Coffee transparency-reporting by roasters - comparing two roasters' green beans costs - Page 2

Discuss flavors, brew temperatures, blending, and cupping notes.
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Almico
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#11: Post by Almico »

Jeff wrote:You're a commercial roaster, correct?

As a consumer, I prefer more information about my potential purchases, even if imperfect.
Information maybe. How much a vendor pays for their cost of goods sold? Really? Do you do that with tomatoes? Do you ask a restaurant how much they pay for their salmon?

With roasters it's almost meaningless because you have no idea what other costs go into their final pricing. Maybe they spend an hour or more culling quakers and other undesirables from a roast. Maybe they discard one out of every seven roasts because it does not meet QC. Maybe their rent is higher and/or they pay their employees more.

In my world, it's none of anyone's business what I pay for coffee or any of my other business practices. And believe it or not, no one has ever asked. It would be quite rude actually. My customers trust me because I'm trustworthy, and that's how it should be.

I know this is the internet age and people of a certain generation think they are entitled to everything and for free, but I assure you, that is just not true.

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luca
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#12: Post by luca »

It is 100% virtue signalling. Some consumers want to buy things from virtuous businesses. They have to signal it for us to know.

The information is confusing and not perfect. So what? It's better than nothing.

In the absence of any actual information, what do consumers have to go on to show that one roaster is any more virtuous than any other?

The difference when comparing some (but not all) businesses, is that coffee producers are generally from poorer countries and do not have the benefit of protection from the buy side market participants of all of the labour laws, etc, from the richer consuming countries. Coffee is also the single, central good in ... coffee; it's not like it's some minor input that is totally transformed to a greater whole by the business, like, say, screws are to a car. That's why some consumers care about what coffee producers are paid.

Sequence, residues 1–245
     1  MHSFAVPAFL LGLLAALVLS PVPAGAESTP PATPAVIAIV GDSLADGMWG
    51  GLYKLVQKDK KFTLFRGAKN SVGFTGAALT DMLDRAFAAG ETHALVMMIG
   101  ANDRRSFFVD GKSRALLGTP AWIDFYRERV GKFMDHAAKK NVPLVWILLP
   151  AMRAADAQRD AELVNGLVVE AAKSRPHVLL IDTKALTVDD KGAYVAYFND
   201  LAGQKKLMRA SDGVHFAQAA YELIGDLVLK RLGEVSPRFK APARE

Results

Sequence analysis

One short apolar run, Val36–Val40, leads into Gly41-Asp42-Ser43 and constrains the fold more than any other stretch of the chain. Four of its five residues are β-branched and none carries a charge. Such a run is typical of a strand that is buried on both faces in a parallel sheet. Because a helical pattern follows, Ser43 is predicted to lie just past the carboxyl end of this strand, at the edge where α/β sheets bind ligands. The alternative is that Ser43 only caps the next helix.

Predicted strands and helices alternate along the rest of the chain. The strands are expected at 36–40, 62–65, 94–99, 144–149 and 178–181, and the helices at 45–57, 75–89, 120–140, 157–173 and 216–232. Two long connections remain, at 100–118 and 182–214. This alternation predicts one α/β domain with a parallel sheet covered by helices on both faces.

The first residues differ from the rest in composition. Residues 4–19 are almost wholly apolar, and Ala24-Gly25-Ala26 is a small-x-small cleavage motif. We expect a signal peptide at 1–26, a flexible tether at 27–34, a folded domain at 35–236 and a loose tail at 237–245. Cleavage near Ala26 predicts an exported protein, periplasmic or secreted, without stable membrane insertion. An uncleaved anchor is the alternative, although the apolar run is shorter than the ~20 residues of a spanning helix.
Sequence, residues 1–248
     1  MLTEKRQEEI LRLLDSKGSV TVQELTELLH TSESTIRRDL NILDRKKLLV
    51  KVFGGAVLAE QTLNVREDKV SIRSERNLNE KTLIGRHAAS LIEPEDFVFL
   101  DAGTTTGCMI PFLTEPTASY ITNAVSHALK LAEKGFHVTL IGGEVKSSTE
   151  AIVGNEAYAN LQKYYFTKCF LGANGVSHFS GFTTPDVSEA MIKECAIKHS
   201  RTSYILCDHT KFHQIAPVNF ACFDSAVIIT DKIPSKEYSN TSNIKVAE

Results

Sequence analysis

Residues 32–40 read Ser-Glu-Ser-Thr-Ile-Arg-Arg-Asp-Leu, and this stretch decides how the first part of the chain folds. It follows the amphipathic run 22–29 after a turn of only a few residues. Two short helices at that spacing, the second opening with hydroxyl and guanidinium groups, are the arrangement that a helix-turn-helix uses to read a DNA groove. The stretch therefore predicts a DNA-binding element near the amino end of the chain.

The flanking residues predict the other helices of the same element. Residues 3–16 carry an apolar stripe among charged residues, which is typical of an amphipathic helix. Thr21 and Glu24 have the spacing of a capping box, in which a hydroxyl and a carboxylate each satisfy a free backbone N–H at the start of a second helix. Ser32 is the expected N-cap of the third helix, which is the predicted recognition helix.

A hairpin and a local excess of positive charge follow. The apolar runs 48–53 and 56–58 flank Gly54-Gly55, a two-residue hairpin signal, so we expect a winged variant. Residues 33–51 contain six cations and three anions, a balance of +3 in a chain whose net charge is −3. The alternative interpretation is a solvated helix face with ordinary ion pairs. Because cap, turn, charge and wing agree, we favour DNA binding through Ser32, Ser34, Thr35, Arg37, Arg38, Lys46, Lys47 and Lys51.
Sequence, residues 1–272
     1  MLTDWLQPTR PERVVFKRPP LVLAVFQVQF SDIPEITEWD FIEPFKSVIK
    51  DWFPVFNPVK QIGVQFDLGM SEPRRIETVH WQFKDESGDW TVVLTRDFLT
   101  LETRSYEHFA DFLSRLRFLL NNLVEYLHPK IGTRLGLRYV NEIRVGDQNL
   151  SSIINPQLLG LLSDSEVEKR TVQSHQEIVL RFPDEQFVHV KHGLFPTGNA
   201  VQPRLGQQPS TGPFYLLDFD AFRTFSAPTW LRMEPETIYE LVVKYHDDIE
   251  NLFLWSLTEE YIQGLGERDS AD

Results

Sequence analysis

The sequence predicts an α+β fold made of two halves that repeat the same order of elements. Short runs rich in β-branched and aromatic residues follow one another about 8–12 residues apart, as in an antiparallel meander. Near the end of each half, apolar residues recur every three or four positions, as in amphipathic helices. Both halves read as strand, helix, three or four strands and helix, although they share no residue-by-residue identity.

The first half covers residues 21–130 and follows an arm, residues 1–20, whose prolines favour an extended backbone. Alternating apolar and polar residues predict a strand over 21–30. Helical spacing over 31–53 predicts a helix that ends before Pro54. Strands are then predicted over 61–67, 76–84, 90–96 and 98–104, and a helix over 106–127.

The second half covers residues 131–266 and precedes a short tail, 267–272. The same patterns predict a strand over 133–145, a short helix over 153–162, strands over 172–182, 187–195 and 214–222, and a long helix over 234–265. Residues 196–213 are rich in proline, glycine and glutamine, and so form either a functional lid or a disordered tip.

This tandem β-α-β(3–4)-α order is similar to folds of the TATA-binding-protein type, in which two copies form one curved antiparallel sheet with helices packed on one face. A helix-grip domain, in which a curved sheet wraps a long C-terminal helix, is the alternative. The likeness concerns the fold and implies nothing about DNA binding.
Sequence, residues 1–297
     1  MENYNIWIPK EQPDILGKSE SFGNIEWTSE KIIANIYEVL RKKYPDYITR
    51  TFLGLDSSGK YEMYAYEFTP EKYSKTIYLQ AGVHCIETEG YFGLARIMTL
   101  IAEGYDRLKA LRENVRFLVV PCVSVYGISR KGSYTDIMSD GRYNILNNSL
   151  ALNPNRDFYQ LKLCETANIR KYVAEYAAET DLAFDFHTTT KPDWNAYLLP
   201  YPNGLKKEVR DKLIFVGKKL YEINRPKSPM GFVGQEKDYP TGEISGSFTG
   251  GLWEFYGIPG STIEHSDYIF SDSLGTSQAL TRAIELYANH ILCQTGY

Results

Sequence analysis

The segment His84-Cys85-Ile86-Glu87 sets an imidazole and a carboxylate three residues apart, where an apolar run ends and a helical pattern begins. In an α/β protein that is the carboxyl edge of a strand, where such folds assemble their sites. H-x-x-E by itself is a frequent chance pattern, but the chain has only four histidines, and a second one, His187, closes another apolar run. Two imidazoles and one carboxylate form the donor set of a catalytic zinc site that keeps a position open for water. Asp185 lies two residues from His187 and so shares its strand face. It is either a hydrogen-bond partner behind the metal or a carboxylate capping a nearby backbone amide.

How much a producer is paid is totally different from issues like how much staff are paid, whether the coffee tastes good, and how much work goes into making the product.

It's for roasters to decide what information they want to put out there and for consumers to make a decision. There's a new micro roaster opening every week, and all of them market in almost identically the same way. Every roaster seems to have some vague assertion of quality and ethics, and most of them boil down to "trust me, bro." Personally, in this situation I probably actually go for the coffee that I think tastes best, but I'm more inclined to try from roasters that at least try to disclose some information.
LMWDP #034 | 2011: Q Exam, WBrC #3, Aus Cup Tasting #1 | Insta: @lucacoffeenotes

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Sal
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#13: Post by Sal »

As much as I would like to support equitable distribution of wealth, I must say that I am not too interested in learning detailed numbers in the account book records many roasters are boasting to be "transparent". It may seem like modern coffee roasters are becoming more transparent, but money transactions are just as muddy as any commodities produced, exported/imported, transported, distributed, processed, and consumed.

As Amlico commented, I don't know how much was paid to the farmers for the bag of oranges I picked up at a local grocer. And I don't really care. I, however, would like to know where, who, and how they were produced if that information is available. As a consumer, the most important thing is the final price I have to pay out of my pocket. Yeah, if two alternative choices cost about the same, then I prefer products that are produced sustainably and that profits are distributed equitably, but I really don't want to learn the commodity trading economic jargon to find this information.

I recently ordered bags of coffee from a roaster Torque Coffee in San Diego. As stated, Torque uses proportional pricing in which "All of the coffee producers we work with receive the same 20% equity in the full retail price of their coffee. Whether it's in a blend or a single origin we determine the retail price based solely on what the producer was paid. The more the producer is paid the higher the retail price." I love the system like this. The system may not be adaptable for all roasters, but if they do, there will be no more vague, confusing, and often meaningless "transparency" statements to be displayed on roaster's web site.
I am a home-roaster, not a home-barista...

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Almico
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#14: Post by Almico »

Sal wrote: "All of the coffee producers we work with receive the same 20% equity in the full retail price of their coffee.